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News Brings Cheers Off Field

Reaction: Family and friends emotional at Lasorda's election to Hall of Fame.

March 06, 1997|BOB NIGHTENGALE | TIMES STAFF WRITER

VERO BEACH, Fla. — The noise was deafening. Champagne corks were popping. There were television crews from every major network.

Lasorda's restaurant in Exton, Pa., long has been popular among the townsfolk in the Norristown area, but the celebration Wednesday night was the topper.

"You should see it here," Harry Lasorda said. "It's crazy. Everybody's here. This place has been buzzing all day long.

"I can hardly talk. I still can't believe it. The Hall of Fame. The Hall of Fame!

"The greatest ballplayers in the world are there.

"And now, so is my brother.

"Holy cow!"

Tom Lasorda, a poor Italian kid from Norristown was elected Wednesday to baseball's Hall of Fame.

"Oh, man, what a day," said Vince Piazza, Lasorda's childhood friend. "When Tommy called me, it took three minutes for me to regain my composure. I just couldn't handle it. I broke down and cried.

"What's so nice about it is that his peers voted him in. When you think about great managers like Sparky Anderson and Whitey Herzog, and they're not in but Tommy is, it tells you what they think of him.

"Tommy has done more for the game than anybody who ever put the uniform on."

Lasorda, who managed nearly 20 years for the Dodgers until retiring July 29, 1996, after suffering a mild heart attack, is the 14th manager to be named to the hall.

And if you listen to some of his associates, perhaps he shouldn't stop at Cooperstown.

"The man should be commissioner," said Jack McKeon, former San Diego Padre general manager. "I mean that. You telling me he can't do a better job than the guys they have running baseball? Tommy would be great.

"I know Tommy is great for the Dodgers, but baseball needs Tommy."

Yet, in many ways, Lasorda's friends will tell you, he needed the Hall of Fame now more than at any time in his life.

There hasn't been a day that he didn't think about managing. There was an emptiness without a baseball manager's daily grind.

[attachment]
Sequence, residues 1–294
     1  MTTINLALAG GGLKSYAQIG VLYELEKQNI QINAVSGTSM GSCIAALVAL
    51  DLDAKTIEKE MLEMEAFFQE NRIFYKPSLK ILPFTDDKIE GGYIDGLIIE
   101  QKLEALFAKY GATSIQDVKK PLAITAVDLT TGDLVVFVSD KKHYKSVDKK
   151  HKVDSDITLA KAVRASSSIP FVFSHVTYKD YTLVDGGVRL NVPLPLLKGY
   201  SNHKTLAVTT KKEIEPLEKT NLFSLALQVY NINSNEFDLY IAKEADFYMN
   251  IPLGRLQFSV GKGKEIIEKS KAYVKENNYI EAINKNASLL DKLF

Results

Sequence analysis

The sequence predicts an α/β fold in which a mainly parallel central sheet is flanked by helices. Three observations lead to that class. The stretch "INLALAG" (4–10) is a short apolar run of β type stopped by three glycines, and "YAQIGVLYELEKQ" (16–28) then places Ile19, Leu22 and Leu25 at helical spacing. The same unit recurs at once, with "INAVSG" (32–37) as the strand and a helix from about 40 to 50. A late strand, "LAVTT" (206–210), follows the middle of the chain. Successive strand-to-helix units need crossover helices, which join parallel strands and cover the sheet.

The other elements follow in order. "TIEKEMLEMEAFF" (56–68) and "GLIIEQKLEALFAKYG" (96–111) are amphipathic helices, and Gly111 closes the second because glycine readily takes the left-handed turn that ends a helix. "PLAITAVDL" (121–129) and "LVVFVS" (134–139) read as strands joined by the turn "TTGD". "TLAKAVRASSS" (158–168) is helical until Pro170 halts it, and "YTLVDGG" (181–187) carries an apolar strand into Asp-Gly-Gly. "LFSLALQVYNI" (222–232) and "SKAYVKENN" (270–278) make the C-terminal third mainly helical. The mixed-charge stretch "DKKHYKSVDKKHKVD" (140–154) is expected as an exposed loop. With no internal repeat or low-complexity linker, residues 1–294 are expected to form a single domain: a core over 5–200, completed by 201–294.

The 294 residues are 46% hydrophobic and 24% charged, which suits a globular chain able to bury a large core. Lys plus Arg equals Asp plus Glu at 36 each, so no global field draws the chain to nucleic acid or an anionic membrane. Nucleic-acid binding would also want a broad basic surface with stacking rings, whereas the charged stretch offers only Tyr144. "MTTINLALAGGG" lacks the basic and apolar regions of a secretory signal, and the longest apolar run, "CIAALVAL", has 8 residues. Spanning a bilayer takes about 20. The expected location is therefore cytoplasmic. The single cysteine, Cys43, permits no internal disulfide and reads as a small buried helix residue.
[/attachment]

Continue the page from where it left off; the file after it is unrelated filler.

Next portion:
"I remember when the season was winding down and we were together," Dodger Hall of Fame broadcaster Vin Scully said. "I'd say to him, 'Boy, I can't wait for the winter to relax.'

"Tommy looked me in the eyes, and said, 'If I had my way, I wish we had a game every day of the year.'

"Tommy meant that."

That is why Lasorda has so desperately missed baseball. Sure, he is a vice president of the Dodgers, but it hasn't been the same.

That changed with the phone call advising him he was now a Hall of Famer.

"This is the best thing that could have happened to him," said Piazza, whose son, Mike, was drafted by the Dodgers simply as a courtesy to Lasorda, then became a star. "He has missed it so badly, and with all of the turmoil with the club being sold and everything, he needed a lift like this. It couldn't come at a better time.

"This is just a Cinderella story that just keeps going on and on."

The election also validates Lasorda's career as a manager.

"I think his baseball knowledge and expertise is underrated because of how flamboyant and knowledgeable he is," Mike Piazza said. "It's good not only what he has accomplished as a manager, but what he's done for the game. He's devoted his entire life to baseball."

Said Manager Bill Russell, who succeeded Lasorda: "His record speaks for itself. He never tried to get the credit. He just went out and did the job. If you thought he wasn't a good manager, this proves that he was."

Certainly, no one in the game was a better goodwill ambassador than Lasorda.

"When he first started out, nobody could have anticipated what kind of impact he'd have on the game," center fielder Brett Butler said. "If anybody exemplifies what a Hall of Famer means, and what he's done for baseball, you've got to put him at the top of the list."

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